I was hoping to venture south along the Volcanic Legacy Scenic Byway and hike/summit the 14,162ft Mt. Shasta in California this past Sept. But in checking the Shasta-Trinity National Forest (NF) site for alerts (always a good thing to do), I came upon one, listed last, about “Serpentine and Naturally Occurring Asbestos (NOA)”. It clicked through to a page with a long list of info and maps but no top line info. How many would proceed to click through and read all the info embedded in that list I wondered? Well, knowing that asbestos is a carcinogen, I did – and glad I did. Mt. Shasta turned out to be a big pile of dirt. Plus, there were no NOA warning signs at the trailheads. So knowing what I’m about to share, I took a few pictures and left. As I drove away, my mind raced with questions: Why weren’t there any NOA warning signs? Are there cancer cases attributed to NOA? How harmful is NOA to visitors of national forests? What about us folks & park employees who practically live outdoors all summer? etc, etc…. I started looking online for answers. Seeing as Nov. is Lung Cancer Awareness month and most of the studies appear to have been undertaken in or around the last decade, I decided to share what I’ve learned so far. It’s just basic info (there’s plenty online for those wanting more technical, scientific info) but hopefully, this is enough for folks to get the gist of the issue, start a conversation and maybe do something about it.
Starting with the Shasta-Trinity site, there’s a 2008 “NOA Fact Sheet” that describes the landscape: “Naturally occurring asbestos…has been found to be present in the majority of counties in California. It is commonly found in ultramafic rock formations, including serpentine, and in the soils where these rock types are located. Serpentine, the California State Rock, is found widely throughout the state.” The U.S. Geological Survey and the California Geological Survey have confirmed that NOA can be found in at least 45 of CA’s 58 counties (8 other counties contain ultramafic rocks, serpentinite or fibrous amphibole suggesting the possible presence of NOA). The Fact Sheet indicates that when present, naturally occurring asbestos may pose health risks if released into the air or soil (by being crushed or broken through natural weathering or through human activities) and then inhaled or ingested.
Among the health risks referred to are lung cancer and mesothelioma (a cancer that affects the lungs, heart and abdominal cavity). Proof that NOA can cause mesothelioma was published by UC Davis researchers in 2005. In March 2009, the International Agency for Research on Cancer reconfirmed that all forms of asbestos can cause mesothelioma. However, the risk of developing it is dose dependent and, as the UC Davis team found, “directly related to residential proximity to a source of ultramafic rock”. In another study, the Environmental Protection Agency (EPA) went on to estimate the increased risk of cancer based on OHV/hiking scenarios and frequency of visits -e.g. up to 12 visits per year for recreational scenarios, and up to 120 visits per year for workers (which would include outdoor enthusiasts like us). That study took place at the Clear Creek Management Area (CCMA) in CA which has been closed to the public since May 2008. According to the EPA, the 75,000 acre CCMA in San Benito and Fresno counties includes a serpentinite rock body containing a 31,000 acre outcrop of NOA. It is the largest asbestos deposit in the U.S. The EPA found that at the CCMA, ”There was no combination of scenario, toxicity value, or visits per year that was below the lower end of EPA’s acceptable risk range, i.e. risks less than 1 in 1,000,000. Only…Day Use Hiking…had risk calculations within the acceptable range.” The International Environmental Research Foundation (IERF) has challenged many of those findings and concluded that riding in moist conditions was below EPA’s “virtually safe level”. However, they agreed that “motorcycle riding in dry condition at CCMA raises dust in excess of the asbestos permissible exposure limit”. The IERF review was commissioned by the CA State Parks’ Off-Highway Motor Vehicle Recreation Division (OHVD). We should note that both sides have come under additional scrutiny and criticism. Those who challenge the EPA and believe the area can be enjoyed safely have undertaken efforts to re-open the CCMA. We aren’t aware of any others studying risks associated with these types of recreational scenarios in national forests containing NOA. Would we be alone in wanting to see some?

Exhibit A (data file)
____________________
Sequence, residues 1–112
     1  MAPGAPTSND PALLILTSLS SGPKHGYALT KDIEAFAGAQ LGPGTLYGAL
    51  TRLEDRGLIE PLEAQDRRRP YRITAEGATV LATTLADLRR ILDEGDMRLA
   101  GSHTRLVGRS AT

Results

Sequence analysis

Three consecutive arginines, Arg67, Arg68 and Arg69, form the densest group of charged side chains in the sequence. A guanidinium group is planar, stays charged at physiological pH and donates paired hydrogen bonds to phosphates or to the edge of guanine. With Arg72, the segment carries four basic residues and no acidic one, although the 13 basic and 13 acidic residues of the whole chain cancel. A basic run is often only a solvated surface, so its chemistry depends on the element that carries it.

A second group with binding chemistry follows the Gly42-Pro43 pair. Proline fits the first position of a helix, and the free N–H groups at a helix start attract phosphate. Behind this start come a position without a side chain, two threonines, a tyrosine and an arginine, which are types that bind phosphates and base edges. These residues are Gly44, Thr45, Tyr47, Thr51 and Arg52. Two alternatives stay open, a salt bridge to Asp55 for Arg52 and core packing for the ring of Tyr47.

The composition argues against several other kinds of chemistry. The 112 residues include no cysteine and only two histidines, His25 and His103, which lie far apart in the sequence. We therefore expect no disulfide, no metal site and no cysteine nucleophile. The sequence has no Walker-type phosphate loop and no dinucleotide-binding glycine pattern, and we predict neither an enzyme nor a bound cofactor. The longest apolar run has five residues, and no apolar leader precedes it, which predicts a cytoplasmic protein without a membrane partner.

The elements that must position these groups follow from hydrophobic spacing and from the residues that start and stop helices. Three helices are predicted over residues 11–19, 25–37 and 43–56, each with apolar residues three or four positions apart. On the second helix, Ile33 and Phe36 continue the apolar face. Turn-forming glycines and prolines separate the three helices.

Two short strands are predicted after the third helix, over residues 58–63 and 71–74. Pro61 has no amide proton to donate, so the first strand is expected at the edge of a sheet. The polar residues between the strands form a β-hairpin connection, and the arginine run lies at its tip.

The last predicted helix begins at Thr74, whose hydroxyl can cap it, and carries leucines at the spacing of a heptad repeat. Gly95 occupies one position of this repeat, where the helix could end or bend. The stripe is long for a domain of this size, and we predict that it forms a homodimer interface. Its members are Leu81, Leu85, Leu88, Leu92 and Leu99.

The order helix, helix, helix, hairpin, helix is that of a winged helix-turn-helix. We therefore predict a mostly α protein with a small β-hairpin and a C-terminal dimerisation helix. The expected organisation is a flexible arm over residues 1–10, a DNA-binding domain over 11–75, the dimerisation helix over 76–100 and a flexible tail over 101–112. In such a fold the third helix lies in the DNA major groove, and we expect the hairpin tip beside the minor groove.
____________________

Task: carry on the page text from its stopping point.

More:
With these risks in mind, here’s what the Fact Sheet advises: “National forest visitors wishing to reduce their potential exposure to naturally occurring asbestos should consult the maps produced by the Forest Service or the State of California which identify the currently known areas of ultramafic and serpentine rock and naturally occurring asbestos”. I did and found this could be quite time consuming so included some of them below (links are at the end). They indicate the presence of NOA and/or former asbestos mines in all of the following National Forests in CA: Angeles (only mines), Eldorado, Klamath, Lassen, Los Padres, Mendocino, Plumas, San Bernardino, Sequoia (only mines), Shasta-Trinity, Sierra (only mines), Six Rivers, Tahoe. We went back and forth between the maps and the NF websites and were troubled to see NOA alerts missing from websites for the individual NFs we just listed (except Mendocino’s whose link for the NOA Alert points to the wrong info as of today -we let them know so they can fix it). Only the Shasta-Trinity NF and USFS’ Pacific Southwest Region websites provide info on NOA insofar as national forest lands are concerned. Also, as noted before, if I had not checked these sites, there would have been no signs at Mt. Shasta warning me of the presence of NOA. Anyone know if other NFs with NOA have warning signs?